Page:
All animals are anatomically constrained in the number of discrete call types they can produce. By combining calls into meaningful sequences, animals can increase the information content of their vocal repertoire despite these constraints. Additionally, signalers can use vocal signatures or cues correlated to other individual traits or contexts to increase the information encoded in their vocalizations. ~ Swiss zoologist David Jansen
Communication necessarily involves abstraction. Every syllable, however signaled, is a metaphor for a concept.
Complex animal vocalizations comprise syllables which are arranged into patterns that present a message. Even the same single syllable can do so via variation in presentation.
The adults of many mongoose species live largely solitary lives. By contrast, the banded mongoose is colonial and gregarious.
Banded mongooses cohabit in mixed-sex groups of 7–40 individuals (averaging ~20). Besides foraging as a unit, they sleep together at night in underground dens, which are often abandoned termite mounds.
A group changes its den every few days. If no refuge is available, they lie on each other in a compact layered arrangement, with heads facing outwards and upwards to make the most of sentry while snoozing.
There is no strict hierarchy within a banded mongoose group, but attempted infanticide will ensue if a subordinate female gives birth, but older, dominant females in a colony do not. Banded mongooses evolved the ability for females to synchronize birth, so that a colony litter is not subject to such self-destruction. A communal litter peaceably lives if there is a chance that one of the offspring belongs to a dominant female.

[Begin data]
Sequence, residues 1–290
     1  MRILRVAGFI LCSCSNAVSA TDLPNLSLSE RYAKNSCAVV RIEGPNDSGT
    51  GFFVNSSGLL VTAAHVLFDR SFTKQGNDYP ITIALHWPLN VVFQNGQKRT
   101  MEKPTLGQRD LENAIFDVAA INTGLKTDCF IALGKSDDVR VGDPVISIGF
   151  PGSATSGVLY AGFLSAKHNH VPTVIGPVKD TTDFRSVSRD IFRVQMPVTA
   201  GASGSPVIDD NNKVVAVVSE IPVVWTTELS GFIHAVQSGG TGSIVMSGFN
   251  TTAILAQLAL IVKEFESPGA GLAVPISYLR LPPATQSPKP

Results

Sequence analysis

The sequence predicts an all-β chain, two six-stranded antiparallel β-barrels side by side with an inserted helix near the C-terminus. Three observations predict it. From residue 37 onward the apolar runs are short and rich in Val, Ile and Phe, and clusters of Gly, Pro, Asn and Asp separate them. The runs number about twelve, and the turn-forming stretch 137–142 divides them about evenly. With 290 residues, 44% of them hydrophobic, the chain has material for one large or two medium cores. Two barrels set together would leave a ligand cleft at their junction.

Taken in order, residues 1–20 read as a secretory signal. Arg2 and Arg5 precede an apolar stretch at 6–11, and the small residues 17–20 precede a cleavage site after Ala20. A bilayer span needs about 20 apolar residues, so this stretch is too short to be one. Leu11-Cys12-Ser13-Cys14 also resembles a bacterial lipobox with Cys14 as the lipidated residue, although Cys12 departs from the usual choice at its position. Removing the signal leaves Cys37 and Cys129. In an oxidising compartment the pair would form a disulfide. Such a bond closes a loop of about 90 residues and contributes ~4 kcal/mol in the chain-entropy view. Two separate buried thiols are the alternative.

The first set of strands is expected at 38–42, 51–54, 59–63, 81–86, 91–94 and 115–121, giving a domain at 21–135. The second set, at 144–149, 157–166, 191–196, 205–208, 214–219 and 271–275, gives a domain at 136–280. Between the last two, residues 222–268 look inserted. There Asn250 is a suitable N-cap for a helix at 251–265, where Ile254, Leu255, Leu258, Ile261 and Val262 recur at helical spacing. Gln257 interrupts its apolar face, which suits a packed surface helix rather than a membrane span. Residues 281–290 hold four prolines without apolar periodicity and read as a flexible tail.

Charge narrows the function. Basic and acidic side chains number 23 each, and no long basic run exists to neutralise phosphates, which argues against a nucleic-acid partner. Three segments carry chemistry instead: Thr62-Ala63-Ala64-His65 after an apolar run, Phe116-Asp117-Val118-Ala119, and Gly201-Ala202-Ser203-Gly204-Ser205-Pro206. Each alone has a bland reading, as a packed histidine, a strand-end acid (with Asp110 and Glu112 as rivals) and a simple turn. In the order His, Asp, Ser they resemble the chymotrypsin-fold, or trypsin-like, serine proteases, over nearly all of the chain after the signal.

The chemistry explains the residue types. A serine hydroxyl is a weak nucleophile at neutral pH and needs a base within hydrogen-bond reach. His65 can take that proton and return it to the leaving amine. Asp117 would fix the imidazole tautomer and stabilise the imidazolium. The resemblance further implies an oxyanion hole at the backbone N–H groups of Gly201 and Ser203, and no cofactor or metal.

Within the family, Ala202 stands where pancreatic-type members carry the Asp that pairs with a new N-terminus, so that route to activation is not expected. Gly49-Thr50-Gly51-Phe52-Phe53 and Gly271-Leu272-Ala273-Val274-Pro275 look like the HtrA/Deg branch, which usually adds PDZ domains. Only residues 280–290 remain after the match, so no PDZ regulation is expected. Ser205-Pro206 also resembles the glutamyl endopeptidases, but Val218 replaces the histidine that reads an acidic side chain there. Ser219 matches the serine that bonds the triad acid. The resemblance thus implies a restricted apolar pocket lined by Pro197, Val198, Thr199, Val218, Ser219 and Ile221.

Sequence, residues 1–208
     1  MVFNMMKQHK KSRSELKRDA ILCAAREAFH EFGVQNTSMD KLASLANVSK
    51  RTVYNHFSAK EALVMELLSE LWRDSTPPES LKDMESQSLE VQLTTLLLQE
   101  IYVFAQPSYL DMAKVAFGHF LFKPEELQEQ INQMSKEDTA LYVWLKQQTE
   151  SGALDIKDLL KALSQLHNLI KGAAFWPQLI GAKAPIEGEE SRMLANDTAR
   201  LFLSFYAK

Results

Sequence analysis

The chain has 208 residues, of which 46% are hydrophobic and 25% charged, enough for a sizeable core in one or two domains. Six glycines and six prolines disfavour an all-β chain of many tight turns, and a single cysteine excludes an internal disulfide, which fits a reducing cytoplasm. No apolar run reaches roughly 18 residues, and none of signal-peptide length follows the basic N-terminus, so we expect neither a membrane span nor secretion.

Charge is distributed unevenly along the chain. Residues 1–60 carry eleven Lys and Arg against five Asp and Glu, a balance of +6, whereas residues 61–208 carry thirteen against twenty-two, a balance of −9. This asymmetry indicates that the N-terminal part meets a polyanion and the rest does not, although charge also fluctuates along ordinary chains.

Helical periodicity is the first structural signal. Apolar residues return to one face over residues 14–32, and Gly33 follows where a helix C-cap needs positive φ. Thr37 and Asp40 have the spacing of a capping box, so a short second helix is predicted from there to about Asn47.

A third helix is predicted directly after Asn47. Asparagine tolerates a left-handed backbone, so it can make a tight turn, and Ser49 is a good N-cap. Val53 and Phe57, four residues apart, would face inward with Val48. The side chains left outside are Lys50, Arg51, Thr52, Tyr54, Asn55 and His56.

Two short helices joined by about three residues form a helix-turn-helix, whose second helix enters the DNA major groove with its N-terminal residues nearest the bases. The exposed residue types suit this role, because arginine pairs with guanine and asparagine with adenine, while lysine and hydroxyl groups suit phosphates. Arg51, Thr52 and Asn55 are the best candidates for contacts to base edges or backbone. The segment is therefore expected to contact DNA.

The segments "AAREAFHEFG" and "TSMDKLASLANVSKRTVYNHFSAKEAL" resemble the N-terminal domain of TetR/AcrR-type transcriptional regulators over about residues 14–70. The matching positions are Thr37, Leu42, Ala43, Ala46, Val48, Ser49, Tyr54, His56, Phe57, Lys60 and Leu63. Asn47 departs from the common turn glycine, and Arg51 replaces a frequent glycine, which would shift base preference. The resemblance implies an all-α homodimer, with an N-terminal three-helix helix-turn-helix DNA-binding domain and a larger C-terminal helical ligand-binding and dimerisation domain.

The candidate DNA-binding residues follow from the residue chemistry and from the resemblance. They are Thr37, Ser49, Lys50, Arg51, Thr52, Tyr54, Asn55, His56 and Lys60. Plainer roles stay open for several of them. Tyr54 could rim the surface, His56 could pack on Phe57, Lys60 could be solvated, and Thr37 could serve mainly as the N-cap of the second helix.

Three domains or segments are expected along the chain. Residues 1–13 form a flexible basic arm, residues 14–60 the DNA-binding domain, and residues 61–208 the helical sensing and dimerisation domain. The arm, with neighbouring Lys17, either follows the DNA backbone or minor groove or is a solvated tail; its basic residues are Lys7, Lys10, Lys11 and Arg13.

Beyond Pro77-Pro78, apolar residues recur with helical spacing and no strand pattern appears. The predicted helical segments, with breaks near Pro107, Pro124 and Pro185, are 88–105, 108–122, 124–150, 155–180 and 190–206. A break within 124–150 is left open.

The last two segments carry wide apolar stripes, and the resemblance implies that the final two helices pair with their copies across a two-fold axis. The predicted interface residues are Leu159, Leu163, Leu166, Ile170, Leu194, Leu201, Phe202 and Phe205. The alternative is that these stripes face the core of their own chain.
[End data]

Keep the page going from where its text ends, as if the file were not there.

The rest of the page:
Otherwise, banded mongooses are seldom aggressive within a colony. Squabbles about food occasionally arise, but the first to put dibs on it gets it.
Conversely, an encounter between groups becomes a brawl, sometimes with injuries, and even deaths. Banded mongooses war over food, territory, and sexually receptive females.
20 or 30 mongooses on each side arrange in battle lines. They all rush forward and fighting breaks out. These fights are very chaotic. ~ English zoologist Faye Thompson
Despite the ferocity, females in heat will often mate with males from a rival group during a dustup. Banded mongooses rarely leave their natal group, so group members are closely related. Battles between groups are an opportunity for outbreeding.
Biological parents do little parenting. Younglings are cared for by sundry colony members.
Pups often pick out an adult to be their mentor through infancy. It may be a sibling, cousin, or uncle. The pair spend most of their time together, with the mentor looking after the youngling until it can fend for itself, albeit provoked with frequent begging by the little one.
Banded mongooses have culture: passing on traditions, notably the best foraging spots and other tips, such as how to access the meat in prey with hard shells. To learn, a pup imitates its mentor.
Besides territorial scent markings, which also serve as status updates, banded mongooses make monosyllabic calls that last 50–150 milliseconds. Despite their brevity, these calls identify the animal calling and what it is doing.
Frogs and bats structure single syllables in meaningful communiqués. There are likely many other such species that have simple but content-rich messages. It’s just that we have not paid much attention to the communication skills of other animals.